• Post Reply Bookmark Topic Watch Topic
  • New Topic

developing Desktop applications

 
vinoth ramanathan
Greenhorn
Posts: 22
  • Mark post as helpful
  • send pies
  • Quote
  • Report post to moderator
hi,
I hope you all worked with tuneup utilities,Kaspersky etc. Those were desktop applications right. by using what language they are creating that user interface.
Thank you
 
Lorand Komaromi
Ranch Hand
Posts: 276
  • Mark post as helpful
  • send pies
  • Quote
  • Report post to moderator
vinoth ramanathan wrote: by using what language they are creating that user interface.


On windows they can be written in just about any language that can call functions in DLLs...
 
Marco Ehrentreich
best scout
Bartender
Posts: 1294
IntelliJ IDE Java Scala
  • Mark post as helpful
  • send pies
  • Quote
  • Report post to moderator
Hi vinoth,

I'd say the two big groups of desktop apps in general are native desktop application or applications which need some "environment" like the Java JVM. For Java based applications you could obviously use any programming language or technology which runs on the JVM. For native desktop applications there are lots of technologies ranging from portable toolkits which may be used to create applications for different platforms (Windows vs. Mac OS vs. Linux) or technologies which only support a specific operating system like windows. Qt for example is a framework to create GUI applications which exists on different platforms. Windows specific GUI frameworks like .NET are usually used to create applications which only run on Windows (although there are efforts like the Mono project to run such applications even on Linux for example).

For the said applications I don't know on which technology they are based as I only use Linux. But tools which need access to internals of the OS, like Kaspersky, you usually have to use one of the native technologies. I hope this information was more or less helpful even if I can't tell you the correct answer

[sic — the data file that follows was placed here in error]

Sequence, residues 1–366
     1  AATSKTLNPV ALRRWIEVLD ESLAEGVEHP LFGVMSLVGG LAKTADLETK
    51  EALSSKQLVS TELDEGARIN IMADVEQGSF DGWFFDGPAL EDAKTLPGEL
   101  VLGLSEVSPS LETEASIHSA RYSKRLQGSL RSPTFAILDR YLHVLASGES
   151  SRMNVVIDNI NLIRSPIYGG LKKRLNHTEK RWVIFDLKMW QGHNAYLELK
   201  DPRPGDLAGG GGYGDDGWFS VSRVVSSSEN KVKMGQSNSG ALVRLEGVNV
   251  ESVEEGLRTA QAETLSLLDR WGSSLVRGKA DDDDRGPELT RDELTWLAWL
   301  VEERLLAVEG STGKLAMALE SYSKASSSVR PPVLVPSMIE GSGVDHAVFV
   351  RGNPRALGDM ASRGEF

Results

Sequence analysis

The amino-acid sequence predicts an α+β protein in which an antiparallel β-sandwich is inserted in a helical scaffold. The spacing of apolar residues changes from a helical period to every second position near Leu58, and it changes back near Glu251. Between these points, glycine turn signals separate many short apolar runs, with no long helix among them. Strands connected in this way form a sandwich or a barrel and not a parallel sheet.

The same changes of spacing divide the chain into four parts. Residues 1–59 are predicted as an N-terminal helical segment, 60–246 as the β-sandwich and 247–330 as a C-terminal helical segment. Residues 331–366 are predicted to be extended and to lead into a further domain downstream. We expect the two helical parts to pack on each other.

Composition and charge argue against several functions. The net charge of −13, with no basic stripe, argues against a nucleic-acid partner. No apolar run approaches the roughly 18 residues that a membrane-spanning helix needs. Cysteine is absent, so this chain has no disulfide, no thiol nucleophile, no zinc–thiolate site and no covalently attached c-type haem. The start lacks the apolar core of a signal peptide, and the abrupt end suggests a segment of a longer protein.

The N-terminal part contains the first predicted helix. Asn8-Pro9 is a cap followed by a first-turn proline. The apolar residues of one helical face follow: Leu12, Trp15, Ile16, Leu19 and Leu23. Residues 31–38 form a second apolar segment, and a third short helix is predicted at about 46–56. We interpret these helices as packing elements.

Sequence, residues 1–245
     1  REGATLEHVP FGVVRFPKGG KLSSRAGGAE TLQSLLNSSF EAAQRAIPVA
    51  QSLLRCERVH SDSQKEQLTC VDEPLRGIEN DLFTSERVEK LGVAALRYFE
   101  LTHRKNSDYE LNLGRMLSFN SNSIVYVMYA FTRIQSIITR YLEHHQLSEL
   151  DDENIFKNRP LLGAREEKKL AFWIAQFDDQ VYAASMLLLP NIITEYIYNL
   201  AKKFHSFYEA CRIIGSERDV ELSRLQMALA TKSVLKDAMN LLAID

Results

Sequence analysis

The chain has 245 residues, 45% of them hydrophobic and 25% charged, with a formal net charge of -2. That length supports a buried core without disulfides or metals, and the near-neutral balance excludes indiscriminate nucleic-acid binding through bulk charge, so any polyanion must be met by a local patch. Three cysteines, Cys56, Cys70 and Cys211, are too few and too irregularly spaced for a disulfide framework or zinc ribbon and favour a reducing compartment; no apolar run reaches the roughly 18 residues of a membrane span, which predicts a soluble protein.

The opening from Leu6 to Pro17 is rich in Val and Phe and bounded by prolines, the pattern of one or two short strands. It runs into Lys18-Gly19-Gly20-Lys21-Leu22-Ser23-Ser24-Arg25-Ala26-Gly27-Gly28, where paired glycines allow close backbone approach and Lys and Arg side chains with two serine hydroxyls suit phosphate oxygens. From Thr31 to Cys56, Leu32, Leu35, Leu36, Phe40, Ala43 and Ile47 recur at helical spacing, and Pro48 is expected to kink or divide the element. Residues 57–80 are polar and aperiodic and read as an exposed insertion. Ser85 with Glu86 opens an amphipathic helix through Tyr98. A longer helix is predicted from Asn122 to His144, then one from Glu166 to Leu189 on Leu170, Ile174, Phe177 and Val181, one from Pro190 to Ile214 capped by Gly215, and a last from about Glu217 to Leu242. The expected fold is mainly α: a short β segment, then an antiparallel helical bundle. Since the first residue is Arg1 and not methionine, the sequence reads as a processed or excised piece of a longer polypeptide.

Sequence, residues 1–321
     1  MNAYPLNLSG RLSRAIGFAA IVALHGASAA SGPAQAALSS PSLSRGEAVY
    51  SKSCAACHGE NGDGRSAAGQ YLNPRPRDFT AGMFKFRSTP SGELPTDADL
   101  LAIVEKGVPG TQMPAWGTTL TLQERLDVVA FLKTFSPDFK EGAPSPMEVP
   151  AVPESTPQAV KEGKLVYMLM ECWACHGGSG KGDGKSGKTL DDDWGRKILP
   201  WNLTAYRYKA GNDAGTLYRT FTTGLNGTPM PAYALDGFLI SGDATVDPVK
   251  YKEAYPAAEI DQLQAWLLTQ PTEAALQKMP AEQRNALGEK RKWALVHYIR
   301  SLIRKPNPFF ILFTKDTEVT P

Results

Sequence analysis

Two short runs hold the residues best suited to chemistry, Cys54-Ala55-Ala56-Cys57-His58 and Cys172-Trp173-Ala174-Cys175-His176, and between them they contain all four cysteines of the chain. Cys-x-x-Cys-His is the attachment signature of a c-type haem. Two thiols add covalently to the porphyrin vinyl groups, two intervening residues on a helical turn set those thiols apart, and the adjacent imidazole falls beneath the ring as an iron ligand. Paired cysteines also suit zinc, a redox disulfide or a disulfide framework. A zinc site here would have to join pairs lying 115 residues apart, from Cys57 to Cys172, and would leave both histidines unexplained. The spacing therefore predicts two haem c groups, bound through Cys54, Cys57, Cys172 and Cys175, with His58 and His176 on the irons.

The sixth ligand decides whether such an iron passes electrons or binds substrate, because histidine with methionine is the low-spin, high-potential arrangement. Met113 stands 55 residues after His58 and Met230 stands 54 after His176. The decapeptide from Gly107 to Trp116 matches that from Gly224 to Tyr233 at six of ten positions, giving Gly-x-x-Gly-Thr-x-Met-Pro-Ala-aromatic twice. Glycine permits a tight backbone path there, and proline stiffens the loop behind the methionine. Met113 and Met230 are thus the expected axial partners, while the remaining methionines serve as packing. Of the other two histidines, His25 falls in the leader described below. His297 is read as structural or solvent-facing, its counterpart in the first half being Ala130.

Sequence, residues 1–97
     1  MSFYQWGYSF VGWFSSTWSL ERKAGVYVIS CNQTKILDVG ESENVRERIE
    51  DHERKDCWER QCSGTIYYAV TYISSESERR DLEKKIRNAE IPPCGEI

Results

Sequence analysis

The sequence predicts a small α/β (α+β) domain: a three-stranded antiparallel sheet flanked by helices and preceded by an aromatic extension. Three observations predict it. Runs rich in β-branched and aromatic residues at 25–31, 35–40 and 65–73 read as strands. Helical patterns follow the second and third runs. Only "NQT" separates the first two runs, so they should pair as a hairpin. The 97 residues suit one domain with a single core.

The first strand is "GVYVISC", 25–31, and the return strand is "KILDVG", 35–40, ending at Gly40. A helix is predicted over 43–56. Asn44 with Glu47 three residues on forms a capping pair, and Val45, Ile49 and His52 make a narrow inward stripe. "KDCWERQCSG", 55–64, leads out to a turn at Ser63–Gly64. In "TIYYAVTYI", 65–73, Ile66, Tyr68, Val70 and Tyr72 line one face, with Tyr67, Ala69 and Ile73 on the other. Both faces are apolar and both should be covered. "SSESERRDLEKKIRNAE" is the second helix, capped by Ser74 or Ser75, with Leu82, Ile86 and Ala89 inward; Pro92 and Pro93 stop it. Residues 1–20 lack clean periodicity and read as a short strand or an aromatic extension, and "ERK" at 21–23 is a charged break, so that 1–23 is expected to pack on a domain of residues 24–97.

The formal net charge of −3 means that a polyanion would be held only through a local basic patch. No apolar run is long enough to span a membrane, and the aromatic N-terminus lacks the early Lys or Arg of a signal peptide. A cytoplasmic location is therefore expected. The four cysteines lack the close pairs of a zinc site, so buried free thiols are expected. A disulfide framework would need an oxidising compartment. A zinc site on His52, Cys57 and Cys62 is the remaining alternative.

Marco
 
Rob Spoor
Sheriff
Posts: 20819
68
Chrome Eclipse IDE Java Windows
  • Mark post as helpful
  • send pies
  • Quote
  • Report post to moderator
Marco Ehrentreich wrote:Windows specific GUI frameworks like .NET are usually used to create applications which only run on Windows (although there are efforts like the Mono project to run such applications even on Linux for example).

.NET is not a GUI framework. Instead of being like Swing, it's more like JSE. I believe the default GUI toolkit for Windows is MVC, and that is also used in .NET.
 
Marco Ehrentreich
best scout
Bartender
Posts: 1294
IntelliJ IDE Java Scala
  • Mark post as helpful
  • send pies
  • Quote
  • Report post to moderator
Sorry for being imprecise! Of course you're right, .NET is more than a simple GUI toolkit but instead a whole application platform. Unfortunately I don't know any details about the GUI part of it as don't write native applications for Windows and I don't even use Windows.

Marco
 
Rob Spoor
Sheriff
Posts: 20819
68
Chrome Eclipse IDE Java Windows
  • Mark post as helpful
  • send pies
  • Quote
  • Report post to moderator
You had the right idea though - there is not one single toolkit. Even for Windows you can use many tools and toolkits. GTK+ and Qt are both available for Windows, as is of course MVC. The latter is most used though because most development tools (Visual Studio, Borland's GUI builders, etc) use it.
For Linux there are bound to be even more toolkits; GTK+, Qt and of course even raw X11 coding are quite often used.

That said, even having selected one toolkit, it is possible to write code in many languages. C and C++ are preferred with most toolkits, but Borland allows you to use Delphi, and there are even bindings for Python, Perl and Java for most toolkits. I think that the most restrictive toolkit is MVC but even that gives you the choice of at least C, C++, Visual Basic and C# (the latter using .NET's abstractions of course).
 
  • Post Reply Bookmark Topic Watch Topic
  • New Topic
Boost this thread!